To start your Jasmine Stitch, create a row of foundation puff stitches to your desired width. Then add one more puff stitch to start the first row. (see below)
Begin making another puff stitch, but don’t draw the last loop through to finish off the stitch. Keep all 8 loops on your hook.
Next, insert the hook here and draw up a loop, and continue making a puff stitch here.
Again, don’t draw the last loop through.
You should now have 16 loops on your hook. Repeat one last time in the next chain stitch.
You should now have 24 loops on your hook.
Now, finish off the Jasmine stitch bit holding the back of the last loop, and drawing it through ALL 24 LOOPS. (Still hold back that strand from the YO as you do this!)
Go slow. Take your time with this.
It’s hard enough bringing your hook through 24 loops, but for this one, you’re also losing the use of two fingers.
What is easiest for me is to loosen the tension on the working yarn and then just bring it through one puff at a time.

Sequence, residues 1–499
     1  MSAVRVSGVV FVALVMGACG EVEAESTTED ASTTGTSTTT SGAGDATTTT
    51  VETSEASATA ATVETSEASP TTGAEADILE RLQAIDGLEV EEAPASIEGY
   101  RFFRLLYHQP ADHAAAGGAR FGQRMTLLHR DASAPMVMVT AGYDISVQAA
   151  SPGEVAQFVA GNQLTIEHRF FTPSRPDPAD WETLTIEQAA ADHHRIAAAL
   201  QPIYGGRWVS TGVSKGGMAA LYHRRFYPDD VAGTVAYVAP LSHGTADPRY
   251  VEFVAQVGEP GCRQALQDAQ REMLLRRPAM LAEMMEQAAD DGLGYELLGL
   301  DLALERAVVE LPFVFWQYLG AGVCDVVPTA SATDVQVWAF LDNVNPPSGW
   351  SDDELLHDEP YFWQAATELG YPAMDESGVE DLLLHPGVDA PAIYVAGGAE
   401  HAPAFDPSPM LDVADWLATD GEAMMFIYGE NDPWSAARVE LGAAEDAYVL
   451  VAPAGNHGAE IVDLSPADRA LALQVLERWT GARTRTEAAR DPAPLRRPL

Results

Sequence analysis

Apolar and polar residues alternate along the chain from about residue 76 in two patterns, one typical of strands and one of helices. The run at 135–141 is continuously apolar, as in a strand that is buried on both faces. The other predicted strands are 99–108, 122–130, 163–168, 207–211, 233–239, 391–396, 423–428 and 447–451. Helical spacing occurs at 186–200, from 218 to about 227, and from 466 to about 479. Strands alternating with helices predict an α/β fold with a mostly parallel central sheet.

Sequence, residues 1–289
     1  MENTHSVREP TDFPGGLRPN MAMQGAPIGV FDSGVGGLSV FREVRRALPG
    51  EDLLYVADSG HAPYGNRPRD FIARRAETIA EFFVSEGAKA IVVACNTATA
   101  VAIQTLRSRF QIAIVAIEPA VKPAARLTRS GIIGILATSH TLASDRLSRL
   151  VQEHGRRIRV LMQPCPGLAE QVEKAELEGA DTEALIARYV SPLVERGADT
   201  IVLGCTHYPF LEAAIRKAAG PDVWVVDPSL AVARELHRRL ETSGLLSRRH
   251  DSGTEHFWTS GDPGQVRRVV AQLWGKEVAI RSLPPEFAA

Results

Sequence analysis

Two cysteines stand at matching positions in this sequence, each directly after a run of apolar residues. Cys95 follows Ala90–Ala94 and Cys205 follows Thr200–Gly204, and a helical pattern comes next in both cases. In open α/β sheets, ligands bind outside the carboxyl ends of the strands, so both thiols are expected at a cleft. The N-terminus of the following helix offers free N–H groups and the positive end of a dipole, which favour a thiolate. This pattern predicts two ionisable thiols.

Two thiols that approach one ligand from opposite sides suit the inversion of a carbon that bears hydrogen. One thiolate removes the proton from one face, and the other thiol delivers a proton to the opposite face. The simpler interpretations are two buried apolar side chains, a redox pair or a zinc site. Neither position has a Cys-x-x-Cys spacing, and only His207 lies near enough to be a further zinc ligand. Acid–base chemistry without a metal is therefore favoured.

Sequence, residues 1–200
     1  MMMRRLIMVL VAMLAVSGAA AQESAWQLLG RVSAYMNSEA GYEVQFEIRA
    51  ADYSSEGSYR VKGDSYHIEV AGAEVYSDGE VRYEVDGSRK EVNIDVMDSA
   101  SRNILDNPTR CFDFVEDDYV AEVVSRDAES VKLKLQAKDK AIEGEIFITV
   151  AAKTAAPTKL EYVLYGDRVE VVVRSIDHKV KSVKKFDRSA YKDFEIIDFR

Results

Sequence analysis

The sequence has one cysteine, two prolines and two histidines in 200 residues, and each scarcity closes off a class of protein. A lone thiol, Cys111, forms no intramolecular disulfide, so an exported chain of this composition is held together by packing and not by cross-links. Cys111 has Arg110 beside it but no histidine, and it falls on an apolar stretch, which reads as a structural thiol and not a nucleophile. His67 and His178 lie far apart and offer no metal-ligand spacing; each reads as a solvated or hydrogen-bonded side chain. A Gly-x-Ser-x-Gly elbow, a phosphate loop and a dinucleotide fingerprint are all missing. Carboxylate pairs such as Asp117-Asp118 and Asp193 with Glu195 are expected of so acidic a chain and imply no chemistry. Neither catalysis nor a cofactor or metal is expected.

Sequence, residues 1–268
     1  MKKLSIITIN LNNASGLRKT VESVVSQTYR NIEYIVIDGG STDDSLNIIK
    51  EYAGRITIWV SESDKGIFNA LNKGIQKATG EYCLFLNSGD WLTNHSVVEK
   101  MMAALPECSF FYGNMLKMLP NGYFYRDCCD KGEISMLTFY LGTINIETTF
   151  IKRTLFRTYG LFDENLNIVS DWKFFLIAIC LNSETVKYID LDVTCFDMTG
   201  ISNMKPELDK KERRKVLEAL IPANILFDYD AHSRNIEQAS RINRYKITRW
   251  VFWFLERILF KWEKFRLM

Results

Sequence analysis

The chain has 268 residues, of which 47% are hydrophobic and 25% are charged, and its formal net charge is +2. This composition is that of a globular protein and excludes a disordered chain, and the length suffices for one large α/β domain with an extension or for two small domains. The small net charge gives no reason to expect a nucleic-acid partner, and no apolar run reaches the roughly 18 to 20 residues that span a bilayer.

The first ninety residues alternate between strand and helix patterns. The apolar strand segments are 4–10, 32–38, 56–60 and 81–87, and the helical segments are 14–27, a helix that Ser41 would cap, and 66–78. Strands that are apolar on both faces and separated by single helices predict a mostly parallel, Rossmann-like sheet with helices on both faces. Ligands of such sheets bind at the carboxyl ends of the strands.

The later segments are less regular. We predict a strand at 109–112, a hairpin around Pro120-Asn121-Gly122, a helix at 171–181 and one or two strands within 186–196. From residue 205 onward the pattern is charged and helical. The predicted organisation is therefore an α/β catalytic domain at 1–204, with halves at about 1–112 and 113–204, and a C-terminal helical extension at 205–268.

Now make a single crochet with the loop on your hook and back end of that same loop which should still be held by your left hand.
NOTE: If you crochet loosely, you may want to use a SLIP STITCH here rather than a single crochet! This can make a world of difference when it comes to tension (and not having a gaping hole in the center of the flower).
Ch 1. And that’s your first Jasmine stitch!
The rest of them work exactly the same way, only the place you insert your hook looks a little different because it’s not a flat row anymore.
To start the second (and all remaining) Jasmine stitch(es), make your first 8 loops in the chain you just made.
The second 8 loops will go here. (Where the hook is pointing.)
And the third set of 8 stitches will go here. (The following chain stitch.)
Continue working your Jasmine stitches to the end of the row.
Every row from now on will be worked like this.
If you are starting a new row, you’ll need to make one foundation puff stitch to start off the row. (Pictured here.)
After several rows, your finished stitch will start to look like this!
Isn’t it beautiful!? I love the Jasmine stitch and I can’t wait to see what you make with it!
I hope you have enjoyed learning how to crochet this fun stitch pattern.
If you have any questions at all, please don’t hesitate to email me: email@example.com. I would love to help!